Brother’s Example Helped Chinanu Onuaku Work His Way to USA Basketball Roster Spot
One of the top centers in the NBA G League, Onuaku was selected for World Cup Qualifying duty.
Role models often can be difficult to find. While NBA G League center Chinanu Onuaku grew up under difficult circumstances with very few advantages, what he did have was someone who would grow into his biggest role model.
Growing up as a young basketball player in the Washington, D.C., area, Onauku watched a familiar face playing for Syracuse University and later in the NBA: his brother, Arinze.
“That’s what really made me want to get into basketball, because I would see him on TV, and I was just so happy because growing up where I’m growing up a lot of people don’t make it out,” Onauku said. “So, when you see somebody in your family make it, that just motivates you more. I just wanted to be like him. I just wanted to get out and play the game that I love.”
Chinanu Onuaku is nine years younger than Arinze, who is still playing professionally and often helps his brother with advice. That advice no doubt has helped Onuaku earn a selection to compete for USA Basketball in FIBA World Cup Qualifying games this month against Argentina and Panama on Feb. 22 and 25.
It is the culmination of a lot of work and support from his family for Onuaku, who also has two other siblings and credits his mother for helping him maintain a positive attitude through tough times.
“I felt good (about being selected), because it (acknowledges) all the hard work that I put in, all the time in the gym, everybody helping me, showing me if I work hard that I’m going to be rewarded,” he said. “It’s just me going out there and doing what I need to do, playing for my country. I’m not just playing for myself and my family, I’m playing for how many millions of people that are in the U.S.”
Onuaku, a third-year pro out of the University of Louisville, is in his first season playing for the Greensboro Swarm, the Charlotte Hornets’ affiliate, averaging 14.0 points, 12.2 rebounds and 3.1 assists. All three of those figures are tops among centers in the NBA G League.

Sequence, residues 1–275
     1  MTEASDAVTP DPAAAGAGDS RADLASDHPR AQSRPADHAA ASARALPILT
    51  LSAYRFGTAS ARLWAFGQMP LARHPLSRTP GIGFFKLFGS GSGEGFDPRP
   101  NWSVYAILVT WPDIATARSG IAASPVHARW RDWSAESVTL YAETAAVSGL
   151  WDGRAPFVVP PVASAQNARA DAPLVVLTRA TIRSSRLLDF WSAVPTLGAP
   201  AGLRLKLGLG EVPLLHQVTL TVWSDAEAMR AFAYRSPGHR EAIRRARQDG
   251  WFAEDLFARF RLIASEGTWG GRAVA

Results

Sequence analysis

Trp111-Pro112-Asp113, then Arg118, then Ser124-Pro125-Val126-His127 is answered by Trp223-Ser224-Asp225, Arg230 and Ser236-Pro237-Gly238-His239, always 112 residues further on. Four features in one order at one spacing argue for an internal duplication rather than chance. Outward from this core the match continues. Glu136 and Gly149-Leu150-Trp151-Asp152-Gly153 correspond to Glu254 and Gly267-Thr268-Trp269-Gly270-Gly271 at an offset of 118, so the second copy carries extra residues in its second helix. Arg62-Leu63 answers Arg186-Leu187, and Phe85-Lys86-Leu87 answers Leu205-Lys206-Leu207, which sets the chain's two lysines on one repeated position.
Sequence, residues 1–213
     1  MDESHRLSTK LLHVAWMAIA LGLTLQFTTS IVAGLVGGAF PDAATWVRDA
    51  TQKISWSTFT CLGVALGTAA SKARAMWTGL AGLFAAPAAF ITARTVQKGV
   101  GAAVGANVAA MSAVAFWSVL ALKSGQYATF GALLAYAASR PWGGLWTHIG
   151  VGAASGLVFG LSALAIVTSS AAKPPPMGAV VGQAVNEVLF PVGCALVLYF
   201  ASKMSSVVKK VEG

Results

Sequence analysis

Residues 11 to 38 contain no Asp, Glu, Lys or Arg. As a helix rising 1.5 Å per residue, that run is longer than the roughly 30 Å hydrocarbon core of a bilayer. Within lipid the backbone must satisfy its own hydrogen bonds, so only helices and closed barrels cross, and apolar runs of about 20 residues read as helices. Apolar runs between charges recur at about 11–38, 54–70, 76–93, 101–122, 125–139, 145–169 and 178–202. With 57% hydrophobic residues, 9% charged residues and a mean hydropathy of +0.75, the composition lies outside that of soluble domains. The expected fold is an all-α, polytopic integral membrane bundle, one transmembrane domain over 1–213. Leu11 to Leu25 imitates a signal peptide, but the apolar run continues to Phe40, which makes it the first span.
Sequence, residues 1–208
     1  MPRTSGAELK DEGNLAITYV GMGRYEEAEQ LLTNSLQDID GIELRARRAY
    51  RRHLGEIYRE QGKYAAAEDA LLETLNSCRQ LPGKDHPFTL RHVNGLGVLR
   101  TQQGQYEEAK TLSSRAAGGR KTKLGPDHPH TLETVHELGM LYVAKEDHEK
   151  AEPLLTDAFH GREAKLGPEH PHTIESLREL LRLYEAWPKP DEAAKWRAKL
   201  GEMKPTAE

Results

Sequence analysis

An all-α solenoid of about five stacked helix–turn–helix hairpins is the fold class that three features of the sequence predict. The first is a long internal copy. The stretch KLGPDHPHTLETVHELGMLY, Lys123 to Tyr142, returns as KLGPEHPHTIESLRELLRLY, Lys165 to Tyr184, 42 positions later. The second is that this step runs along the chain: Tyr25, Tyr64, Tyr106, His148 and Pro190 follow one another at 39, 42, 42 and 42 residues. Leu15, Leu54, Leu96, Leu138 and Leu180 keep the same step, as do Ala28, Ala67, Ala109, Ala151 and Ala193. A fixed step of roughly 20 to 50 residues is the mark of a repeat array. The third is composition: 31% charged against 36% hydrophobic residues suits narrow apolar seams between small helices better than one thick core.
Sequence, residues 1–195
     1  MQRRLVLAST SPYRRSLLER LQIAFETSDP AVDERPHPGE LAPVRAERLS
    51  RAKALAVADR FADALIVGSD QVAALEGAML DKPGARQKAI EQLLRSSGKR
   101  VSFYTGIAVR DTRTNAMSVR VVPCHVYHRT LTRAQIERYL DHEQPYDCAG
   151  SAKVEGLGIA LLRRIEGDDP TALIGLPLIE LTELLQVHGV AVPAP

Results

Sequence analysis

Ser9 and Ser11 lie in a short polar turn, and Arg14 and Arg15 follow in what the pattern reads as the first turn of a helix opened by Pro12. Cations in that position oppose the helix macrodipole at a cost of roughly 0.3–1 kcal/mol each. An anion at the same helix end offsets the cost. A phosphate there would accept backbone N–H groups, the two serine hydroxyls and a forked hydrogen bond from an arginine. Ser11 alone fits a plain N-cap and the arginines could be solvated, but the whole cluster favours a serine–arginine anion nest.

His 24 double-doubles lead the league, and he will be one of a handful of players with NBA experience on this USA Basketball squad, having played six games for the Houston Rockets over the first two years of his career. Onuaku was selected with the No. 37 pick by Houston in the 2016 NBA draft.
He spent time then with Rio Grande in the Rockets’ developmental system but has found his first season in Greensboro under coach Joe Wolf a better fit for his skill set.
“Houston’s system was a very guard-oriented team, it was a lot of pick-and-rolls, a lot of pass outs,” Onuaku said. “This one is more of running through the bigs at the top. I can get the ball in the post. In Houston, I didn’t really get to post up much and I didn’t really get to shoot my mid-range or even a little stretch 3. It was different.”
Onuaku’s style of play has made him somewhat of a fan favorite in Greensboro. That could prove very advantageous in this set of games for USA Basketball, since Greensboro is hosting both contests.
“In Greensboro, I believe I have a lot more freedom to play my game,” Onuaku said. “I’m getting post touches, I’m able to show my range a little bit. Greensboro is home, and a lot of people know me and hopefully they come out and support me.”
He will be putting on a USA Basketball jersey for the second time in his career after being part of a star-studded team that went 7-0 and captured the gold at the 2015 FIBA U19 World Cup in Heraklion, Greece. Onuaku shot 65.0 percent from the field and averaged 4.6 points, 1.7 blocks and 5.0 rebounds in that competition.
“We really had a squad, just to be honest,” Onuaku said. “I think everybody on that team made it to the league right now or is in the G League. We had a few players, we had Jayson Tatum, we had Harry Giles, big Caleb Swanigan, Thomas Welch, we had a lot of players.”
Among those stars, Onuaku was a major part of a thrilling 79-71 overtime win in the gold-medal contest over a Croatia team that boasted an imposing frontcourt that included rising Los Angeles Clippers center Ivica Zubac. Onuaku started and grabbed eight rebounds, registered a game-high four blocks and had a key basket in the extra session to help the U.S. pull away.
The competition taught Onuaku a valuable lesson about facing international competition. Those are lessons that should prove useful for the games this month.
“International players, when they put their (jersey for their) country on, they play their hearts out,” he said. “They’re out here diving on the floor, first quarter, two minutes into the game, they’re diving on the floor. They’re getting up into you, they’re not trying to let you do anything. So, you’ve got to go out and just do the same thing, basically. You’ve got to play harder than them, play smarter than them.”